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Do We Care If Johnny Can Read?
Americans first learned to read to save their souls, then to govern themselves. Now the need is not so clear.
August/September 1980 | Volume 31, Issue 5
The battle of methods has gone on for well over one hundred years now, and it may go on for another hundred. It is a real question, however, whether pedagogical methods are the most serious aspect of the problem. One hundred years ago the literacy rate was considerably higher than the percentage of children attending school; now everyone attends school, and levels of literacy are dropping steadily. A cynic might say that this only proves the incompetence of the schools, but it may be that schools and their teaching methods are not the whole story, that declining literacy is, in fact, a much larger problem which is not simply the result of incompetent schools, but includes them.
Now the desire seems to be on the point of disappearing. For whatever reason—television, widespread anomie, the anti-intellectualism that is also part of our history—we no longer value literacy as we once did. The public worries about the high rates of functional illiteracy and talks nostalgically about a return to the three Rs, but that same public would just as soon watch television as read a book. The problem is not just a technical problem of teaching methods, of “language skills”; it is based on a profound public indifference to the blessings which only the printed word can bestow.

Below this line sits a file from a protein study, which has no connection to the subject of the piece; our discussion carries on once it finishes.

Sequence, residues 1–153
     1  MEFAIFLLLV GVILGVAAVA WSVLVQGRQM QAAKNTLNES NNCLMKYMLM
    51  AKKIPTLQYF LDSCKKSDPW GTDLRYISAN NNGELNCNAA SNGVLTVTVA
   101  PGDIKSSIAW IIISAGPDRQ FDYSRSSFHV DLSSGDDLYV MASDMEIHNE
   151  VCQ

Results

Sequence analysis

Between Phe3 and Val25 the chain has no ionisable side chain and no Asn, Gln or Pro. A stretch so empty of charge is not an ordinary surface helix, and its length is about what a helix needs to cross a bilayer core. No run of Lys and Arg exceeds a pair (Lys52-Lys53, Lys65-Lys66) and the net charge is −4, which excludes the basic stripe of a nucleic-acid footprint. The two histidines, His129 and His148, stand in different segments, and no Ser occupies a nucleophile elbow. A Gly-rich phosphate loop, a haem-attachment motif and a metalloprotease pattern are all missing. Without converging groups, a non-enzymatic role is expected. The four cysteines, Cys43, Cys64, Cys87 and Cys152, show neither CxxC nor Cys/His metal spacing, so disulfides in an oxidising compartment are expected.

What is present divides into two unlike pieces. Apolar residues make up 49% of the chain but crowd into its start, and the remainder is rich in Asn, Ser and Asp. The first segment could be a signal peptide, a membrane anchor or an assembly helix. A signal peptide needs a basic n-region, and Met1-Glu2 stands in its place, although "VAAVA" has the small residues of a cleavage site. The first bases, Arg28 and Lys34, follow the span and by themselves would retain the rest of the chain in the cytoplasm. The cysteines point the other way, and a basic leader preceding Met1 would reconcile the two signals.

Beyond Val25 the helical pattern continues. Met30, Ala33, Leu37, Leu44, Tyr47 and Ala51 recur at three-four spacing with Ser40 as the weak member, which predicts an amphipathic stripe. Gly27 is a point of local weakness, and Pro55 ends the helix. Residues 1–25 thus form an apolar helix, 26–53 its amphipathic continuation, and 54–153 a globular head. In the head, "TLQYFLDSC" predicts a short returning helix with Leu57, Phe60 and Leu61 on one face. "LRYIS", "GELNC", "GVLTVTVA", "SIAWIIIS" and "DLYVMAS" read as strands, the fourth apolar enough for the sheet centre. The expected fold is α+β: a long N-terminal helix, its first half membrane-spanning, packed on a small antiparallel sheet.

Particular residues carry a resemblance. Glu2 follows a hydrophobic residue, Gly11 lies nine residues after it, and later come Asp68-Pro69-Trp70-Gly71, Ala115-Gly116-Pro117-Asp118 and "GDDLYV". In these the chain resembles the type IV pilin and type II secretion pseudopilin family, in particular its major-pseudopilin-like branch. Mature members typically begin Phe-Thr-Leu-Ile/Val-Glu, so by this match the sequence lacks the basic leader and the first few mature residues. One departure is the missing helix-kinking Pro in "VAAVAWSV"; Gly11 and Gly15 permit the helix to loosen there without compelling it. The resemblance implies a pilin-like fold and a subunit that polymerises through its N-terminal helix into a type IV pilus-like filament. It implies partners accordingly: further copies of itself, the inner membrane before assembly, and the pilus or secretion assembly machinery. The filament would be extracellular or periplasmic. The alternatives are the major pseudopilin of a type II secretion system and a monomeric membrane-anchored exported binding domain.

“We shall some day accept the thought that it is just as illogical to assume that every boy must be able to read as it is that each one must be able to perform on a violin, that it is no more reasonable to require that each girl shall spell well than it is that each one shall bake a cherry pie.” The speaker was a junior high school principal, but he can be taken to represent more than an obtuse educational establishment; educators do not exist entirely isolated from the public, or opposed to it, but must be understood as in some degree reflecting public attitudes. And a public that would tolerate such a remark from an educator is a public that has lost, or forsaken, its belief in the value of literacy.
Yet we must remember that this is a value that, from the long perspective of history, we have acquired very recently. “It is only during the present century that the goal of reading for the purpose of gaining information has been applied in ordinary elementary schools to the entire population of students,” write Laura and Daniel Resnick. As these writers also point out, the standard of skill required to make one functionally literate is rising; literacy skills which were sufficient one hundred or even fifty years ago will no longer suffice. This is especially true in technology. The U.S. Navy’s most advanced weapons system in 1939 came with a technical manual of five hundred pages. Its most advanced system in 1978 came with three hundred thousand pages of documentation. Many other technical systems require more reading, at a higher level, than those of the past; computers are especially prolific, printing out enormous quantities of information and analysis, which someone has to read. Literacy is declining, then, even as the demand for higher and higher levels of literacy grows.
What the outcome of these trends will be is anybody’s guess. Perhaps we will return once more to conditions similar to the “craft literacy” that prevailed in the Middle Ages, when the clergy monopolized the instruments and organization of knowledge. Or perhaps public attitudes will shift and people will again demand access to the word. Literate persons can only hope that a hundred years from now we will have a public in which, fulfilling John Adams’ claim, someone who cannot read and write will indeed be as rare as a comet or an earthquake.